October 03, 2010

Treatment of Bradycardia

The normal adult heart rate, arising from the SA node, has been considered historically to range from 60 to 100 beats per minute, with sinus bradycardia being defined as a sinus rhythm with a rate below 60 beats per minute. However, the "normal" heart rate is, in part, the result of the complex interplay between the sympathetic and parasympathetic nervous systems. It is affected by numerous factors and varies in part with age and physical conditioning. Sinus arrhythmia, changes in the sinus rate as a result of respiratory cycles, often accompanies sinus bradycardia.

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This is a Question & Answer revision article designed for medical students and professionals preparing for the PLAB, MRCP or USMLE examinations. They are based on actual questions from these examinations. You may find the Cardiovascular Disease article more useful, or one of our many articles on Diseases & Conditions, Medical Syndromes, Health & Wellness or Home Remedies.
In this article:
Evaluation of bradycardia
MCQ exam: clinical scenario
MCQ exam: answer
MCQ exam: explanation

Evaluation of bradycardia

Sinus bradycardia is generally confirmed by ECG after a slow pulse is identified on physical examination, with the diagnosis usually being easy to establish from the surface ECG. An upright P wave in leads I, II, and aVL, and a negative P wave in lead aVR, indicates a sinus origin of the bradycardia. It is vital to exclude other causes of bradyarrhythmias such as AV block.

Sinus bradycardia should be distinguished from other bradyarrhythmias resulting in a reduced heart rate (ie, second or third degree atrioventricular [AV] block, junctional escape rhythm, ventricular escape rhythm). This is easily done by establishing the 1:1 relationship between P waves and QRS complexes on the surface electrocardiogram (ECG). Patients with more than one P wave for every QRS complex have second or third degree AV block, while patients with no discernible P waves will have an escape rhythm (either junctional or ventricular in origin).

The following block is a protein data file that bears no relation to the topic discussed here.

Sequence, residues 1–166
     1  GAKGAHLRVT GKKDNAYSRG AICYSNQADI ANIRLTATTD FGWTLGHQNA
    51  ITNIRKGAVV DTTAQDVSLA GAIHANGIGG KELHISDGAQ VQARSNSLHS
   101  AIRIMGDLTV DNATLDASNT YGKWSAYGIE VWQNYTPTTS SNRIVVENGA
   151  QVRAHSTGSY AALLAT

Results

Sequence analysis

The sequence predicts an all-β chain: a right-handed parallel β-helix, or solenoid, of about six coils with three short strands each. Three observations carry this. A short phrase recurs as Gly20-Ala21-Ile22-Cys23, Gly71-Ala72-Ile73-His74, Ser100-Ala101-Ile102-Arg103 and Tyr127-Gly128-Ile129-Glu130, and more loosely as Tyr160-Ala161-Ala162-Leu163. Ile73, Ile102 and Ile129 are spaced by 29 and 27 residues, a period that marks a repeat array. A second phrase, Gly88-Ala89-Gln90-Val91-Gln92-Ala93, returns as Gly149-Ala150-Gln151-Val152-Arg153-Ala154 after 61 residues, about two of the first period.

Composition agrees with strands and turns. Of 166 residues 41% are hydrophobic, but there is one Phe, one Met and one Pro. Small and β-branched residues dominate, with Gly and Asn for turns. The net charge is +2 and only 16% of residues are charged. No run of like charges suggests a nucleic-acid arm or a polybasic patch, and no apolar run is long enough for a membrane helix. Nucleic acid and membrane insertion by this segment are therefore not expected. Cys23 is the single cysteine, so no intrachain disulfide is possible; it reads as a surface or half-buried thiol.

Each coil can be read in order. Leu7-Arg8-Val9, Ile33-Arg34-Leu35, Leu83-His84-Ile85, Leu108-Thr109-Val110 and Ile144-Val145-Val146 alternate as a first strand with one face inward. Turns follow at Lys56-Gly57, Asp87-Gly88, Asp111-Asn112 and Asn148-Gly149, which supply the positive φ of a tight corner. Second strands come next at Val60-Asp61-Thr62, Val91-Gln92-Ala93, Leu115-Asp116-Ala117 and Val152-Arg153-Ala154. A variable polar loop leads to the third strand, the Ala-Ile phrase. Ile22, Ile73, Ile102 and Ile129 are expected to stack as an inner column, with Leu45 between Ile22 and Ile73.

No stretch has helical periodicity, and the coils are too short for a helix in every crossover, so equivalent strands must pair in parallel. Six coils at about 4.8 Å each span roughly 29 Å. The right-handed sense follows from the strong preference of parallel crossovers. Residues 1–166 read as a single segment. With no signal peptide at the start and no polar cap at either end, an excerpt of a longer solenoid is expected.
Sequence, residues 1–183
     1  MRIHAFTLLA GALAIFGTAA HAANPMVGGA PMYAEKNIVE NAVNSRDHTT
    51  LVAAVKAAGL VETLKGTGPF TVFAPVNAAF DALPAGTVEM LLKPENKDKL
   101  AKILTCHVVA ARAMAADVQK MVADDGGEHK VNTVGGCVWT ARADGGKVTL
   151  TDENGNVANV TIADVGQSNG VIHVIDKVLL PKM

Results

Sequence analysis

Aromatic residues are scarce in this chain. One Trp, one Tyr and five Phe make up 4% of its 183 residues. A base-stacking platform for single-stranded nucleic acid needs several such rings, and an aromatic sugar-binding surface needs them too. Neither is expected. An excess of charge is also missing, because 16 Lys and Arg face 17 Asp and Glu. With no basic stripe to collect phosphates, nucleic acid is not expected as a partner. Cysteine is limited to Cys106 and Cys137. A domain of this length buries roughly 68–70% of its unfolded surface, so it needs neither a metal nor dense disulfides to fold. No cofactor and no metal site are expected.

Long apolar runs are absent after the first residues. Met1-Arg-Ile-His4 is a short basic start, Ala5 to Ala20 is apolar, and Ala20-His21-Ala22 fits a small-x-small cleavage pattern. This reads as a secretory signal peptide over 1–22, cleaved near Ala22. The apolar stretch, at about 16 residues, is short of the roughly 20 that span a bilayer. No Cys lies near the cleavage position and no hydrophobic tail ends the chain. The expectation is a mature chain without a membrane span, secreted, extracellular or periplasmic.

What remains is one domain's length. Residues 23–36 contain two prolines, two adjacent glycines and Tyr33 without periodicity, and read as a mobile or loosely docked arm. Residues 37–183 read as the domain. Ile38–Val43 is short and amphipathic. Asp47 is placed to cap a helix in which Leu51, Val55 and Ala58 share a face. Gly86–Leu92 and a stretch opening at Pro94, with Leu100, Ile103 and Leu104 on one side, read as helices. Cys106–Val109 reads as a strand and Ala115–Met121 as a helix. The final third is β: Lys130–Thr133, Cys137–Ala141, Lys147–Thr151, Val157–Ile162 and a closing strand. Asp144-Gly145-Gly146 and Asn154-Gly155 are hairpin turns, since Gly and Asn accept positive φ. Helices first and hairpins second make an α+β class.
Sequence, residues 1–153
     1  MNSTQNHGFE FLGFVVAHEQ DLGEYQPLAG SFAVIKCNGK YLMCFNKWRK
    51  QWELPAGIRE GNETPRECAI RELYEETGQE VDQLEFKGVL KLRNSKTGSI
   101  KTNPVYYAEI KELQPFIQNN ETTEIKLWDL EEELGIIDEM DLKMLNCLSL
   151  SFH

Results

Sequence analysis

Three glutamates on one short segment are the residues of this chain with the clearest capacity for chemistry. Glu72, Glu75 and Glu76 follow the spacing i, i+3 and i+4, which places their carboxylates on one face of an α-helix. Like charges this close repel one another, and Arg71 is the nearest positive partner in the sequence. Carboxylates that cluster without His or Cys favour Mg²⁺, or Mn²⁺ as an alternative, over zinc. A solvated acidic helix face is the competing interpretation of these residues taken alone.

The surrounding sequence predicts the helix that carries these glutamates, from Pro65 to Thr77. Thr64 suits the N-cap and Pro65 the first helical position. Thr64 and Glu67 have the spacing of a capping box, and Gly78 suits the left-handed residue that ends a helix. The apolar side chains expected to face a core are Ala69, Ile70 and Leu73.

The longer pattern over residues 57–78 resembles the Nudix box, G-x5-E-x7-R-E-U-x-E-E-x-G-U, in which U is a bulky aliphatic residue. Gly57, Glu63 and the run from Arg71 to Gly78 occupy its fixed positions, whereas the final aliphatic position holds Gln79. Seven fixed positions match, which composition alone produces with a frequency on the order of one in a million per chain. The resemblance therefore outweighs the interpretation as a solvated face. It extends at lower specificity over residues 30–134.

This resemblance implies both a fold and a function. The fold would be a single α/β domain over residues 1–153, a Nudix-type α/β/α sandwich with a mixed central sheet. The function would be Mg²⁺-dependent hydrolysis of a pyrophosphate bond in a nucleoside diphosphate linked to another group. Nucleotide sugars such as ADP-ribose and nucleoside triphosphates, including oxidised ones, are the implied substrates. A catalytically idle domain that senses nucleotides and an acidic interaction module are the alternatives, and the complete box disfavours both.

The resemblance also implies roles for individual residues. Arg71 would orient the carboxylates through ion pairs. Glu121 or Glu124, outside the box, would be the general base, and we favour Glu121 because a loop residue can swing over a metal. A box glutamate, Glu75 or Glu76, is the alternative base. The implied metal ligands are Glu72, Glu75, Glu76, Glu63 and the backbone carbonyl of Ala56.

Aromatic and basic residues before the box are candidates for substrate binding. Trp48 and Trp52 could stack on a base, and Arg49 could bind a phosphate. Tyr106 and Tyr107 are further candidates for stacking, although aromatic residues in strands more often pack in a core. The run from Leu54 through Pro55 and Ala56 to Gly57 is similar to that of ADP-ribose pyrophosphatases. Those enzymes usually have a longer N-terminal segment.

For the majority of patients with sinus bradycardia, the underlying cause can usually be determined from history and physical examination alone.

MCQ exam: clinical scenario

A patient experiences serious signs and symptoms secondary to a bradycardia, and his 12-lead ECG shows no signs of an acute MI.

What is the treatment of choice?

a) Atropine
b) Bretylium
c) Dopamine infusion
d) Epinephrine infusion
e) Transcutaneous cardiac pacing
f) Norepinephrine

MCQ questions & answers on medicalnotes.info

MCQ exam: answer

The correct answer is A.

MCQ exam: explanation

When a patient is experiencing serious signs and symptoms secondary to bradycardia, and his 12-lead ECG shows no signs of an acute MI, atropine is the initial drug of choice. Classified as a parasympatholytic or anticholinergic, atropine can restore normal SA nodal automaticity (increasing sinus node rate) and AV nodal conductivity through its direct vagolytic action. It's the initial drug of choice to treat symptomatic bradycardia in patients with a pulse.

TREATMENT OF BRADYCARDIA
For asymptomatic patients with sinus bradycardia, treatment is neither indicated nor required. For patients with symptoms who have evidence of hemodynamic instability, atropine (0.5 mg IV push, which can be repeated every three to five minutes, if needed, to a total dose of 3 mg) have taught. For patients who are hemodynamically stable, but have signs or symptoms of acute myocardial ischemia or infarction should be treated accordingly. Patients who are hemodynamically stable, with evidence of another systemic condition associated with sinus bradycardia (eg, hypothyroidism, infection, etc) should be treated accordingly. Patients in whom a medication is suspected to be causing the symptomatic bradycardia should have the medication withheld. Patients with no other evidence of a potential cause should be evaluated for sinus node dysfunction.

Reference(s)
1). UpToDate: Sinus bradycardia. Available online: https://www.uptodate.com/contents/sinus-bradycardia

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